One of the most frequent things clients talk about, in my experience, are their relationships – with families, partners, employers, friends, themselves… And when they do talk about this, one word that keeps coming up in conversation is the word ‘boundaries’.

Learning about boundaries

They usually say that they want to learn to have better boundaries, that other people never respect their boundaries, and so on, and they often refer back to an article or a video they encountered that talked about this. This may of course be true, and it can become the focal point of therapy to dig and discover how this came to be, and what we can do about it. Still, we always spend some time there, trying to figure out what the construct means to the person I’m working with specifically, how it helps them, how it doesn’t, how their partners and other loved ones use it, etc. More and more, people are learning to be comfortable with standing up for themselves and protecting their needs and their time.

However, sometimes I fear that we might be going towards the opposite extreme and into the territory of complete separateness and of relating to one another as purely ‘you do you, and I do me’, while I don’t think things are always as simple as that. A lengthy article I came across offers some thought-provoking ideas on this topic precisely.

Why do we need boundaries?

  Namely, it is believed that setting and enforcing boundaries is the key to emotional maturity, ethical integrity, and better relationships. The popularity of the concept has led to numerous books, podcasts, articles, and social media posts on the topic, making it a trending subject. We often see wellness influencers and many therapists suggesting that defining these boundaries will lead to positive changes in various aspects of life, such as career, relationships, and overall well-being. Within these circles, the idea of boundaries is often used to communicate instances of hurt or violation, allowing individuals to protect themselves without having to openly express their pain and discuss it with others.  

What are boundaries exactly?

  However, the concept of boundaries can be an ambiguous and subjective one and can slip into conversations in which it may not be entirely relevant. Different experts have varying interpretations of what constitutes boundaries – they can encompass behavioural guidelines, emotional limitations, or compartmentalization of different areas of life. In some cases, the notion of boundaries is stretched to explain all kinds of problems and emotions, simplifying complex psychological issues by attributing them to boundary-related challenges.

By putting excessive emphasis on the issue of boundaries, we risk oversimplifying the complexities of human emotions and relationships alike. The concept itself threatens to become a one-size-fits-all type solution for human relationships, while we all know there is no such thing when it comes to our inner and interpersonal lives – we need a more nuanced understanding of the dynamics.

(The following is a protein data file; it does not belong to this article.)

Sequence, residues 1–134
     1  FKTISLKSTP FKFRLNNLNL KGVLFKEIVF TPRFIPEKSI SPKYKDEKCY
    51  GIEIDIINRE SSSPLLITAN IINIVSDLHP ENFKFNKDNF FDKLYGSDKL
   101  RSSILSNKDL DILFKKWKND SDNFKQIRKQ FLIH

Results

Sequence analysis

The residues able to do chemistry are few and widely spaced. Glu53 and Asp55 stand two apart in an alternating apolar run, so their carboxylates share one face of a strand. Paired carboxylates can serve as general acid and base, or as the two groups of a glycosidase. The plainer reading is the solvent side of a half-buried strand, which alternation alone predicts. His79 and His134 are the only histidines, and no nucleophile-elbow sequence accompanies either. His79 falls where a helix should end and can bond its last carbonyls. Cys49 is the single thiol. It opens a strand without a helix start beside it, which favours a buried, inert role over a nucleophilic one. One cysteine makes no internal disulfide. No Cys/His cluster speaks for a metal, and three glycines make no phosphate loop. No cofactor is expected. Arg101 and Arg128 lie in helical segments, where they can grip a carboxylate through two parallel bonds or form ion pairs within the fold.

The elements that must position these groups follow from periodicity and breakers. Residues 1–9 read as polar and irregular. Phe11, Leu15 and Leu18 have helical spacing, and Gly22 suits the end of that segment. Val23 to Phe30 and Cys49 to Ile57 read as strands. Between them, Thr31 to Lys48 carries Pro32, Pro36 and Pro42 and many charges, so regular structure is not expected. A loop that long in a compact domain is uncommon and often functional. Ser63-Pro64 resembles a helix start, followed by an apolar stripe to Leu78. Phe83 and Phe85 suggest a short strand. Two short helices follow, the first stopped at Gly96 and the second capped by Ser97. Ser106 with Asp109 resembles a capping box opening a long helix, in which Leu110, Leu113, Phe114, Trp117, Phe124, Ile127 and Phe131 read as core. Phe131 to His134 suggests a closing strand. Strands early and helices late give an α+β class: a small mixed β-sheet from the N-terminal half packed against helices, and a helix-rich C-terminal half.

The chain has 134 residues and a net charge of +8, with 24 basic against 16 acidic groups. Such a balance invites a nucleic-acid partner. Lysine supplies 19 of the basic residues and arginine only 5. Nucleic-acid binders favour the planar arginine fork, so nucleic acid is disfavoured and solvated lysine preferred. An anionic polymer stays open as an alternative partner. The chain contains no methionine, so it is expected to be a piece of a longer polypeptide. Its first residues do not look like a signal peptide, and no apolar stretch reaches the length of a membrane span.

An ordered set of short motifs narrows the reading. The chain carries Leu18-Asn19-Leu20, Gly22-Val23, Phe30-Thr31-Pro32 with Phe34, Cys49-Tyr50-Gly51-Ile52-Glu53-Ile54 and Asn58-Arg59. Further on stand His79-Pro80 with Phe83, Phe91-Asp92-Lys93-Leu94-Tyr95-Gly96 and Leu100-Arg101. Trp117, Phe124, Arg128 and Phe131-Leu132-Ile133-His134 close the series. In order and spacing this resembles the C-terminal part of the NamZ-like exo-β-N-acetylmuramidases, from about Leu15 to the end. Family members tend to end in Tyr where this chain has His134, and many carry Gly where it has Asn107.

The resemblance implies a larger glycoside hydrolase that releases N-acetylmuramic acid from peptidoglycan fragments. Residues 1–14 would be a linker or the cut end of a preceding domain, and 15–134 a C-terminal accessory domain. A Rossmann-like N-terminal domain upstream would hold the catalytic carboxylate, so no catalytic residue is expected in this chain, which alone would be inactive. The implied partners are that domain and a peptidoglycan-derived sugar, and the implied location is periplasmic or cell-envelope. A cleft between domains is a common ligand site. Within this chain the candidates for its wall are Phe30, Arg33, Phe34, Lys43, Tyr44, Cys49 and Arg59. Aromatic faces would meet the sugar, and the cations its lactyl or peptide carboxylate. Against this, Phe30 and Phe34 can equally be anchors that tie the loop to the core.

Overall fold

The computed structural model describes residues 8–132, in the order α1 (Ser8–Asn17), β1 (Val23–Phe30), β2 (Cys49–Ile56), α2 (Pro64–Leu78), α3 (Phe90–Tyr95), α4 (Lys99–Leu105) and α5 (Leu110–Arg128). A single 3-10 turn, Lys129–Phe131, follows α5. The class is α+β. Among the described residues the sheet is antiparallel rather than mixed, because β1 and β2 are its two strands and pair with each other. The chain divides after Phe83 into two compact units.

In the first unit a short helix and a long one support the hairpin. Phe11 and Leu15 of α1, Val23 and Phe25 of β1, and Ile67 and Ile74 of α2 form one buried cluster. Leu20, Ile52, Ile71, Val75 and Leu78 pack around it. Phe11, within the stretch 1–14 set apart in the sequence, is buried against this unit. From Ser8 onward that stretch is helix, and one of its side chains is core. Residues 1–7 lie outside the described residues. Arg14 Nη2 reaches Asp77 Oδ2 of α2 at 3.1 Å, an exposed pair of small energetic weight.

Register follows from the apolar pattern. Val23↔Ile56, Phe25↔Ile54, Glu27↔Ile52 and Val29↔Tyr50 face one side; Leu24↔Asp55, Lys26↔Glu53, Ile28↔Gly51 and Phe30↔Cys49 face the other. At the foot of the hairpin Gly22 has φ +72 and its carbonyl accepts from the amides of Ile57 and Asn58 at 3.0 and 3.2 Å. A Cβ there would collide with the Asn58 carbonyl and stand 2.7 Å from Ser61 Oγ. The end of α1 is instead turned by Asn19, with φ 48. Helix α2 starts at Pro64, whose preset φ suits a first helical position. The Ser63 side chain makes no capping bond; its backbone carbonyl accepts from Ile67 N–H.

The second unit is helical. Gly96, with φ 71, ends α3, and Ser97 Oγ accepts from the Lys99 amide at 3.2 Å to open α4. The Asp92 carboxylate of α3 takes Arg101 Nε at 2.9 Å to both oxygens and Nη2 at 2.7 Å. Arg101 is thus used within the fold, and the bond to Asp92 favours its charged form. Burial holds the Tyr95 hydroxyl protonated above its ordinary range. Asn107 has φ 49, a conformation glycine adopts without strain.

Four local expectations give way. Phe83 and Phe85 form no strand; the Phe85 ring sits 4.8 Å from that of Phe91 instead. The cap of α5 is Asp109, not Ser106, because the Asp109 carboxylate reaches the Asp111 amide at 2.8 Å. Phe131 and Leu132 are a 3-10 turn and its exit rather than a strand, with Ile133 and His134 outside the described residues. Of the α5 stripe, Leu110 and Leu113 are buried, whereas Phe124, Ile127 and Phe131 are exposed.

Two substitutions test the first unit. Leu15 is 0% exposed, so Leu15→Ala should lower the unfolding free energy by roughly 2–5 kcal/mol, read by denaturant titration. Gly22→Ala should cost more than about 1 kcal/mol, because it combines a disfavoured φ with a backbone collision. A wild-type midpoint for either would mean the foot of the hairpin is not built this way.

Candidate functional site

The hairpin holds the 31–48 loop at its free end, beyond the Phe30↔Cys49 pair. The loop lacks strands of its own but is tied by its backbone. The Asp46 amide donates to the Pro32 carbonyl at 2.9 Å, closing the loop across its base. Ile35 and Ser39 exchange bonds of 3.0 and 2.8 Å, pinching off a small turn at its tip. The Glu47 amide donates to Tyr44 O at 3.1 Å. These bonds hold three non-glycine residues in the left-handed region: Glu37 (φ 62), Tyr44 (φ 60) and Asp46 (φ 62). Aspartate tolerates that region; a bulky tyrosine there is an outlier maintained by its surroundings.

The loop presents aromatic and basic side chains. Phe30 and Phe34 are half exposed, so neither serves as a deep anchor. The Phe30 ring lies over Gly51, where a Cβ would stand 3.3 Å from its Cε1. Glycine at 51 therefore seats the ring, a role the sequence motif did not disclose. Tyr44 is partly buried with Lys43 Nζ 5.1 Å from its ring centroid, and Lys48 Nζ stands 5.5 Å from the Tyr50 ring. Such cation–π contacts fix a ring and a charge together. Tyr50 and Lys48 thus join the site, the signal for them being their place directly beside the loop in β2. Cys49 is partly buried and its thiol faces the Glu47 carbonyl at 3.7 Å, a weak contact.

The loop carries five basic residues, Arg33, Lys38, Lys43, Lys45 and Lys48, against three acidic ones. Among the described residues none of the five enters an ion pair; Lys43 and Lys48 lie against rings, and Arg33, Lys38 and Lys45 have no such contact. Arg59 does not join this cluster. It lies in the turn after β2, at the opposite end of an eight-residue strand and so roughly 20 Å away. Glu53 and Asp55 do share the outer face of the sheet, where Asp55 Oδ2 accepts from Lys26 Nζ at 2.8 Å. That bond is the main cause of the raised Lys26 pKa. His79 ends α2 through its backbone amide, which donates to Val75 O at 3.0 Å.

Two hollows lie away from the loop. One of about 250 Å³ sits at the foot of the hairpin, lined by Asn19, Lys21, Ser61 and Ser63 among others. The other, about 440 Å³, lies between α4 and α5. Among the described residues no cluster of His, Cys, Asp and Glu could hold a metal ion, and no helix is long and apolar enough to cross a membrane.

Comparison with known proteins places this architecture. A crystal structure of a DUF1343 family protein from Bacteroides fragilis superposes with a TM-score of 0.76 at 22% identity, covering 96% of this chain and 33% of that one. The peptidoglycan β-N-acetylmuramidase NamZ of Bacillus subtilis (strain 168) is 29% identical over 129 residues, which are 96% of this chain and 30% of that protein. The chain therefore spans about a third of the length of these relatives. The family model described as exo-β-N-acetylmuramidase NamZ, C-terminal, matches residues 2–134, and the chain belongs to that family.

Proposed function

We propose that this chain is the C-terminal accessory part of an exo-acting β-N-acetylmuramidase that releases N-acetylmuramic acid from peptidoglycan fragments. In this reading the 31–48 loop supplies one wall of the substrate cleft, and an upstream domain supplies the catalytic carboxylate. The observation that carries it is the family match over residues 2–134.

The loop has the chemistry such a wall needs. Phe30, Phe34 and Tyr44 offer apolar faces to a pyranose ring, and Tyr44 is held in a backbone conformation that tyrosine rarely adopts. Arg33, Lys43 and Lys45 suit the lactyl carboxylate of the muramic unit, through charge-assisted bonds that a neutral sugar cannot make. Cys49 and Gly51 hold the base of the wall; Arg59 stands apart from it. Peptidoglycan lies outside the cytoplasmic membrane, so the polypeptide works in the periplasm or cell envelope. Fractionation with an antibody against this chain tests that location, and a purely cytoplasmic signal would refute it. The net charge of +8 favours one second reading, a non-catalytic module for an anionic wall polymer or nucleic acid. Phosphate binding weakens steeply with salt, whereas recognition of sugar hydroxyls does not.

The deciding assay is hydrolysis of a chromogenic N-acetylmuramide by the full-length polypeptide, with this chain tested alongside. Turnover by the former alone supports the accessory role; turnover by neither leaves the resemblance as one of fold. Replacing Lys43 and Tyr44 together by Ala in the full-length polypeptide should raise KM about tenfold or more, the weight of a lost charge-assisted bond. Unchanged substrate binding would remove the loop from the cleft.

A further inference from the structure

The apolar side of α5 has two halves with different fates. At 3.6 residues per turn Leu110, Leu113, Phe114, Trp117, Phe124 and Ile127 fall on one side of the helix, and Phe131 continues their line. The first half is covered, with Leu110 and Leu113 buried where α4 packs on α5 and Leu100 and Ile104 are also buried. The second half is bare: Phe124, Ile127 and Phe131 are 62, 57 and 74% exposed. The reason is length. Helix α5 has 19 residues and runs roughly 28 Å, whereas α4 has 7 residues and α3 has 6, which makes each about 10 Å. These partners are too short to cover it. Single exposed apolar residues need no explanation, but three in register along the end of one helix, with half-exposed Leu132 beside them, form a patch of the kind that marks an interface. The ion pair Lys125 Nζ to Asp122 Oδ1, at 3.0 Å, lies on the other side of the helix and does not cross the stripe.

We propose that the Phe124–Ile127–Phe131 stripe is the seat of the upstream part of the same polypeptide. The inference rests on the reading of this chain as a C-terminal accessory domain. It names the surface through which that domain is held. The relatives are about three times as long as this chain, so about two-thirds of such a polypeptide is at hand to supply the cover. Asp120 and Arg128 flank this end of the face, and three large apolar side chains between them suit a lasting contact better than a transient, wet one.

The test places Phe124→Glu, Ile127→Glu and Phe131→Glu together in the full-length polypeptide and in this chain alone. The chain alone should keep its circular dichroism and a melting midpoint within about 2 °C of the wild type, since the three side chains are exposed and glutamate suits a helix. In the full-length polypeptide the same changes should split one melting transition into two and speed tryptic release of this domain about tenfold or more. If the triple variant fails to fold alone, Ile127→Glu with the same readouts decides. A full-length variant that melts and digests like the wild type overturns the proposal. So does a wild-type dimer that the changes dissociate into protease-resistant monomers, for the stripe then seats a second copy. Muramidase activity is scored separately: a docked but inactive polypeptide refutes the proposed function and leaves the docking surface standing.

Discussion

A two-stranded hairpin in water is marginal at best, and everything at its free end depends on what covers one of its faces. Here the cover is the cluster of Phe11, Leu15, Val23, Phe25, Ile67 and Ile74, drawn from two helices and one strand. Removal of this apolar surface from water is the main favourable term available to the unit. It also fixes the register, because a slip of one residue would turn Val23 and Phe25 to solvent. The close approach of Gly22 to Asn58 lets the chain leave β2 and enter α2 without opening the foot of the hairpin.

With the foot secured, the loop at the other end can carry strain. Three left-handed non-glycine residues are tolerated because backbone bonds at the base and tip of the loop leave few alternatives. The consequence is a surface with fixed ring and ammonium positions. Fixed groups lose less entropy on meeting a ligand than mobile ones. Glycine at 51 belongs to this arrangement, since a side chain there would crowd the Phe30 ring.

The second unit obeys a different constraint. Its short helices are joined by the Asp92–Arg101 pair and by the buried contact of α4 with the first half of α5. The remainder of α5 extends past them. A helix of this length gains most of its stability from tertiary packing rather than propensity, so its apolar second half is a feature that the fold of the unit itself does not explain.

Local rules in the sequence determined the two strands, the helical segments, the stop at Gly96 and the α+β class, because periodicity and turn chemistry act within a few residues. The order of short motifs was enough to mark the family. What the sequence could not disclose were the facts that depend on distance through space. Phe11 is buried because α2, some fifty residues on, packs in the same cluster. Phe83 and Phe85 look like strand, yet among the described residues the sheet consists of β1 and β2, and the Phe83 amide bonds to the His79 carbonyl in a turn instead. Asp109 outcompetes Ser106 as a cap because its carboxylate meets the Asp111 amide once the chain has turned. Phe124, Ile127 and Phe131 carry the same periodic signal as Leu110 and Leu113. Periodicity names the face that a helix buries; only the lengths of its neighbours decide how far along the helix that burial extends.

The Boundary Manifesto

  This is in no way meant to be an anti-boundary manifesto. Boundaries are an absolutely important concept, but they are only one of the most important concepts that shape and define human relationships and experiences. Lately, it seems that they’ve become a powerful narrative that’s shaping our understanding of human interactions. Boundaries discourse teaches us to view relationships as property ownership, a concept influenced by neoliberal values. Defined that way, it may encourage us to focus on independence and self-protection, but it may hinder our understanding of what healthy independence and intimacy (and not codependence and possessiveness) entail. The language of boundaries can foster alienation and a sense of giving up on each other, instead of encouraging mutual care and collective responsibility.

Balancing of Boundaries

The desire for connection and separateness often coexists in individuals, and the truth is that it’s a constant dance that we’re doing between the two, always asking ourselves what feels good right now. While boundaries can offer guidelines for managing separateness, they can also become an escape from the inherent discomfort and complexity of human relationships. I hope this short text inspires you to reconsider the dominant narrative of boundaries and explore alternative ways of understanding and relating to one another, and if you want a slightly deeper dive into the topic, you can check out the article below.

If you think that you can benefit from professional support on this issue you can reach out here.

Branka Mlinar is a psychologist and Gestalt therapist offering psychotherapy and counselling to adolescent and adult individuals. She’s mostly worked with problems of anxiety, interpersonal and relationship issues, procrastination, work-related stress, trauma, and grief.